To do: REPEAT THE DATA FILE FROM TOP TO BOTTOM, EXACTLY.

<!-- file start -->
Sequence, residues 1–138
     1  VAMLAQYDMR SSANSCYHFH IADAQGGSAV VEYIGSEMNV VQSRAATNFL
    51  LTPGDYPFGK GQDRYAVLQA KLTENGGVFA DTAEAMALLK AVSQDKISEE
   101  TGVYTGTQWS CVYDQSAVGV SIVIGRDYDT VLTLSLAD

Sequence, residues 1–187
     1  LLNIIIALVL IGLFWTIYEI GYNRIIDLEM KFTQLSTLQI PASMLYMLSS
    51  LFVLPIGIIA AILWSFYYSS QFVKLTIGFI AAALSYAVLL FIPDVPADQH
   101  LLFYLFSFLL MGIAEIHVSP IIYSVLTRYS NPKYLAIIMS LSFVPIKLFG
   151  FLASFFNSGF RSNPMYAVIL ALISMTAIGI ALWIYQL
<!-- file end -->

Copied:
Sequence, residues 1–138
     1  VAMLAQYDMR SSANSCYHFH IADAQGGSAV VEYIGSEMNV VQSRAATNFL
    51  LTPGDYPFGK GQDRYAVLQA KLTENGGVFA DTAEAMALLK AVSQDKISEE
   101  TGVYTGTQWS CVYDQSAVGV SIVIGRDYDT VLTLSLAD

Sequence, residues 1–187
     1  LLNIIIALVL IGLFWTIYEI GYNRIIDLEM KFTQLSTLQI PASMLYMLSS
    51  LFVLPIGIIA AILWSFYYSS QFVKLTIGFI AAALSYAVLL FIPDVPADQH
   101  LLFYLFSFLL MGIAEIHVSP IIYSVLTRYS NPKYLAIIMS LSFVPIKLFG
   151  FLASFFNSGF RSNPMYAVIL ALISMTAIGI ALWIYQL